Economics is not about discovering laws, it is essentially a question of design – Kate Raworth
Economics as we know it has got it all wrong. Economists failed to predict the 2008 global financial crisis, and in the face of humanity’s myriad crises of today seem unable to do anything else but prescribe more of the same. Meanwhile we live in a world where inequality reigns, poverty still kills people and, to boot, we are dangerously close to destroying the conditions for life on the planet.
It is this familiar critique of economics and the contemporary state of the world that Kate Raworth elaborates on in her insightful “Doughnut Economics: Seven Ways to Think Like a 21st-Century Economist”. She doesn’t stop at diagnosing the problems, however, but articulates a holistic vision of how the economy needs to change if it is to address the related evils of human suffering and environmental degradation.
The book brings together a wealth of policy ideas, critiques and exciting new developments under a single, comprehensive framework. Under each of the main points summarized below, there is a plethora of practical proposals and examples of change already happening. And don’t let the light, catchword-sprinkled tone fool you, many of these ideas are truly radical.
And now for the big vision. It is contained in Kate Raworth’s model “the Doughnut”, called thus because of its shape consisting of two concentric circles, each of which represents a boundary that the economy should not cross if we are to have a world where all human beings can thrive.
The inner circle is what she describes as the “social foundation for human well-being”. It represents the minimum desired and acceptable level of satisfaction of human needs, material and social. Anything below this border would be considered deprivation, or shortfalls, such as in housing, income, education, political voice, etc. The upper circle represents the ecological boundary, beyond which human activity becomes a threat to the environment. To ensure survival, a good life and justice for all people, including future generations, and all other life forms on the planet, we humans need to learn to live (and fit our economies) within the “safe and just space” between the two circles.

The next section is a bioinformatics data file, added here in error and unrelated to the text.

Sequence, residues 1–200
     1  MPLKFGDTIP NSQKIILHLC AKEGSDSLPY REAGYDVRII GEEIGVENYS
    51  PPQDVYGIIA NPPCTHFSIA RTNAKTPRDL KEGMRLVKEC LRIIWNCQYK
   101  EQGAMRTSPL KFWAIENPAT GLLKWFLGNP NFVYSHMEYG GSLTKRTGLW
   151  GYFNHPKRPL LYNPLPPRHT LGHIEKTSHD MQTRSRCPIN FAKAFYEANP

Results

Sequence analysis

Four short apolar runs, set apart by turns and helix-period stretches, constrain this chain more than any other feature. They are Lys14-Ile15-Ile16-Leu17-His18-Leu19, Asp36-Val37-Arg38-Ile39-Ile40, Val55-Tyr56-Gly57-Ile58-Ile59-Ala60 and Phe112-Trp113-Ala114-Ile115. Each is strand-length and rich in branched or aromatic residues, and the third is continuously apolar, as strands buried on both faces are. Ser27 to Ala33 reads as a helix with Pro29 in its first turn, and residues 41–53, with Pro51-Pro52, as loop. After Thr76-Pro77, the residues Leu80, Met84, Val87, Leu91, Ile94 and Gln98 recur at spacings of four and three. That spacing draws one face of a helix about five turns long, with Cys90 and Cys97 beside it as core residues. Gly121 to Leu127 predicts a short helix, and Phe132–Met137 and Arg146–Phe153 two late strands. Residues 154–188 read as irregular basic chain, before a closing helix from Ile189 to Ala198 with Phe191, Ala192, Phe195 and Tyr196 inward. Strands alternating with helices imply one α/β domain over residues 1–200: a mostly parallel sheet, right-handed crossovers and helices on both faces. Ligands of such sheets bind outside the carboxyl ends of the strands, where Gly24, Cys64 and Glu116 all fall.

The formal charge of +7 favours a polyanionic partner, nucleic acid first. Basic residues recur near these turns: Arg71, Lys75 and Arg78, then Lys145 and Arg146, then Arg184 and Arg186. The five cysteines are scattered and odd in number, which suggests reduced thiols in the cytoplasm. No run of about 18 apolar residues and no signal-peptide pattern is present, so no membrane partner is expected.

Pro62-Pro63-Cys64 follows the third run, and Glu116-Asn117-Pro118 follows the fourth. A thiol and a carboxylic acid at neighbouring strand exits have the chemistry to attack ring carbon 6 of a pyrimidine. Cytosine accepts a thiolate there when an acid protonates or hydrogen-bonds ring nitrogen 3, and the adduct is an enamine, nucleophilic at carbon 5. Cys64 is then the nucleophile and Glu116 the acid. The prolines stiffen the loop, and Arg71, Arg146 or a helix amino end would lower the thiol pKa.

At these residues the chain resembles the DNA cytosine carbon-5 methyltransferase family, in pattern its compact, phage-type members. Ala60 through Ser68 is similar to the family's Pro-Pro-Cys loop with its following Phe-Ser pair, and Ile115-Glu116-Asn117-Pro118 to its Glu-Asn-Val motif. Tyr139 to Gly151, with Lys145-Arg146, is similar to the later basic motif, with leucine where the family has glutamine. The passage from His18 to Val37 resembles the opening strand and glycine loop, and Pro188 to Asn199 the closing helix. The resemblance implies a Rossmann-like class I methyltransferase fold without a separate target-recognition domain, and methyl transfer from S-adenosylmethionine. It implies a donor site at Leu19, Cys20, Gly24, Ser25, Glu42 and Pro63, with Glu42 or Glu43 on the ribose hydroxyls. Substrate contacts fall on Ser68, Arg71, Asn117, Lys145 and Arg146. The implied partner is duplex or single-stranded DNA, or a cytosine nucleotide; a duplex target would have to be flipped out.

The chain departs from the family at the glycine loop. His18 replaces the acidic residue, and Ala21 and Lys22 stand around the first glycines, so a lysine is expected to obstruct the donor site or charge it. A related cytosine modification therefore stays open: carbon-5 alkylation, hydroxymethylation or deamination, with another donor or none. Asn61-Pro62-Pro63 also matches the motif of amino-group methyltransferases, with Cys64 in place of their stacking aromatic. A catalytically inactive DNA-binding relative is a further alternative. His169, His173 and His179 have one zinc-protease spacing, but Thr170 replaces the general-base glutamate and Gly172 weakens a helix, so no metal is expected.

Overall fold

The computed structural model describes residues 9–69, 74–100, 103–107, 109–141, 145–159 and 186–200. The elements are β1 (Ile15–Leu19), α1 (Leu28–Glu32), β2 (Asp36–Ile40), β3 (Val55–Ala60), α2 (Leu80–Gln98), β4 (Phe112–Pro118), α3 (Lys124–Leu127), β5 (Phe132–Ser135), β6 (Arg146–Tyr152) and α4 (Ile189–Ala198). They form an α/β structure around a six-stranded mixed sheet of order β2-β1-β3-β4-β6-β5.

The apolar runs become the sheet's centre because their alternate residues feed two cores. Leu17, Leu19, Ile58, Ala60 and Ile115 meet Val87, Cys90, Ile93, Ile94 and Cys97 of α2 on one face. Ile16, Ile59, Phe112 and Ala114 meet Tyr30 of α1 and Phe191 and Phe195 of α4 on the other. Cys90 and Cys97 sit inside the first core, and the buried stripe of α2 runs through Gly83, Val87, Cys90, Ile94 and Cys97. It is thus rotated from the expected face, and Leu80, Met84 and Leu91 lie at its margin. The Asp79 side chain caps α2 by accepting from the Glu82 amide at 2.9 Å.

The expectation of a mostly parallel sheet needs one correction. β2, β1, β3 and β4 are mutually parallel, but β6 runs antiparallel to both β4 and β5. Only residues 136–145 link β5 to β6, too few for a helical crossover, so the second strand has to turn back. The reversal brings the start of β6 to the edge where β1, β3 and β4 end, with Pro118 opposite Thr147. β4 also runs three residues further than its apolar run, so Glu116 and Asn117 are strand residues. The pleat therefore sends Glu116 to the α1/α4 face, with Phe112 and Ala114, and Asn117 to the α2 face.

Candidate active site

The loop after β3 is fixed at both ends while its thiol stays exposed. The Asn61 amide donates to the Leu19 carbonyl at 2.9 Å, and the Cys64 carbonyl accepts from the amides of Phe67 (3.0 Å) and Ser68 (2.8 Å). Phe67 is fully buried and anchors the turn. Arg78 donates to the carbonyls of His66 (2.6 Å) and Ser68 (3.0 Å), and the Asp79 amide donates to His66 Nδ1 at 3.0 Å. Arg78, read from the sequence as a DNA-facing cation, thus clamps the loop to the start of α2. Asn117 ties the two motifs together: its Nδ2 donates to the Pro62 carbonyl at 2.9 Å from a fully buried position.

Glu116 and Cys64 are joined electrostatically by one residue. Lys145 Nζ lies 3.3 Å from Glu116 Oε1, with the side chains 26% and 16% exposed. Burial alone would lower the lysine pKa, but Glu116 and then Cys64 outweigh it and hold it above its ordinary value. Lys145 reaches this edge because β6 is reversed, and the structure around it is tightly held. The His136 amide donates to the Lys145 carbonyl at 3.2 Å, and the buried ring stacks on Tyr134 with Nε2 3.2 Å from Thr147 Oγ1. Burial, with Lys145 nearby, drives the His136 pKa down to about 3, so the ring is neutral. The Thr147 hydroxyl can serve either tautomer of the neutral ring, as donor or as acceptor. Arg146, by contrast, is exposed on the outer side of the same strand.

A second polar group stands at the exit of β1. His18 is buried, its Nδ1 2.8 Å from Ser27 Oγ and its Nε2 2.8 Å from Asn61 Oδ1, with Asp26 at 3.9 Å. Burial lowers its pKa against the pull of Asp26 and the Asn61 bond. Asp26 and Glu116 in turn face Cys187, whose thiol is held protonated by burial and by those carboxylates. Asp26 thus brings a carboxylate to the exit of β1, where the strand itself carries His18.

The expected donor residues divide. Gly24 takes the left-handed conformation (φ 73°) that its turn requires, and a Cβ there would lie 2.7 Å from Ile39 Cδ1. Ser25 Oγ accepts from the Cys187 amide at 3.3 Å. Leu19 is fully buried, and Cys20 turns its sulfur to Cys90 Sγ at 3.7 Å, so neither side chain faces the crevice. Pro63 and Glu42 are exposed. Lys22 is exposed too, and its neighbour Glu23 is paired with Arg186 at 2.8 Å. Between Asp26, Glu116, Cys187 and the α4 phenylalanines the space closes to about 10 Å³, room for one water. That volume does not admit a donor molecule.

The central goal of economics, according to Raworth, should be to design the economy in such a way as to enable humanity to respect the Doughnut’s two boundaries, to make it distributive for people and regenerative of nature.
How to achieve this? Raworth proposes seven main changes in economic thinking that should recalibrate the discipline to make it fit for our 21st century challenges:
1. Change the goal. Continuous growth of the gross national product (GDP) has been the paramount goal of mainstream economics’ ever since the mid-20th century. Raworth joins a host of other thinkers in, for example, the degrowth or the economy for the common good movements, who believe this is wrong. Economic growth cannot by itself solve all other problems our societies are facing and it cannot last forever, due to the very scarcity of resources neoclassical economics so often refers to. Delivering well-being for people and the planet (our “planetary household”) should be the main purpose of economics, in lieu of growth, profits and the other usual suspects.